A great Muslim physician of the tenth century was Abü Sa’id Sinãn Ibn Thãbit Ibn Qurrah. He was also a mathematician and astronomer. He flourished at Baghdad where he died in 943. He embraced Islam in middle age. He was greatly honored by the Abbasi Caliph Al-Muqtadir who appointed him as the chief physician. At that time there were 860 persons of the medical profession in Baghdad. They were forbidden by the Caliph to practice unless they had been examined by Sinãn and received a certificate of registration from him. Besides serving Muq’tadir, Sinãn also served two other successive Caliphs, Qadir Billãh and Radi. Sinãn tried to raise the standard of medical profession, and organized a brilliant administration of the Baghdad hospitals. He is the author of many works on different subjects.20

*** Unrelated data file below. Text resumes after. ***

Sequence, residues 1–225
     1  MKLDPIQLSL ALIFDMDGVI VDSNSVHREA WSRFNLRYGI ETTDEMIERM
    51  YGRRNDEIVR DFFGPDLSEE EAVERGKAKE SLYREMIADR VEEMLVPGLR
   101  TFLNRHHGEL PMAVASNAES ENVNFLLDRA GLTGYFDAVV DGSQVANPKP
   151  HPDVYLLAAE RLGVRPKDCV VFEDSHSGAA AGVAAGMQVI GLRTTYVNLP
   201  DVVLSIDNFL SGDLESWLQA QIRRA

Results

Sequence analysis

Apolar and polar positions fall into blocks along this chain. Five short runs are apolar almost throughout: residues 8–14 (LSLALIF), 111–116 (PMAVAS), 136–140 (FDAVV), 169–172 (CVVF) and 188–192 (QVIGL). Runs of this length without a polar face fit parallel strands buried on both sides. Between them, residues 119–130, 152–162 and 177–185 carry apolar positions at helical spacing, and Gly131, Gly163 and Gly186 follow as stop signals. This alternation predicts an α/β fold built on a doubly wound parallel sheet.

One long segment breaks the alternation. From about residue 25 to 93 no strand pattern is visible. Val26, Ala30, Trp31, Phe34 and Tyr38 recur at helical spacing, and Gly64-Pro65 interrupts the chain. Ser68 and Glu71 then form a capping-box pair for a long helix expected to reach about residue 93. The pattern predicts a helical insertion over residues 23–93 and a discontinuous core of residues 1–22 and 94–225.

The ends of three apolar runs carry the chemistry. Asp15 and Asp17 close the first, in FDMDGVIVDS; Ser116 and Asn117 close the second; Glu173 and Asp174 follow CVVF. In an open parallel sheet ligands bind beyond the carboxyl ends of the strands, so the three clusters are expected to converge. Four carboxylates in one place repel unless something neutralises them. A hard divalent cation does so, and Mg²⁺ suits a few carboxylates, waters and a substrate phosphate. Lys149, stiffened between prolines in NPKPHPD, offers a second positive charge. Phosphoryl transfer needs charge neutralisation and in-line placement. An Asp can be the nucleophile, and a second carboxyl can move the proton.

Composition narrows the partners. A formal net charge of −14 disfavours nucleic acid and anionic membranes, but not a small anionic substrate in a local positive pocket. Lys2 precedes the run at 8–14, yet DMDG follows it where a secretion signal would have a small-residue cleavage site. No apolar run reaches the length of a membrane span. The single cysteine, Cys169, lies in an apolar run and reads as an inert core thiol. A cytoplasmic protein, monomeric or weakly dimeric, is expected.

Another great physician of this period who was one of the three greatest physicians of the Eastern Caliphate was ‘Ali Ibn ‘Abbãs al-Majüsi (Latin Haly Abbas). He was the native of Ahwãz in South-West Persia. He was a close associate of ‘Adud al-Dawlah for whom he wrote an encyclopedia called ‘Kitab al-Maliki or Kämil al-Sanãah al-Tibbiyyah. The people intensely studied it until the appearance of the ‘Qãnün’ (Canon) of Ibn Sinã, which usurped its popularity. It is more practical than the ‘Qãnün’ and more systematic than Razi’s Hawi. The Maliki is divided into 20 discourses, of which the first – half deals with the theory and the rest with the practice of medicine.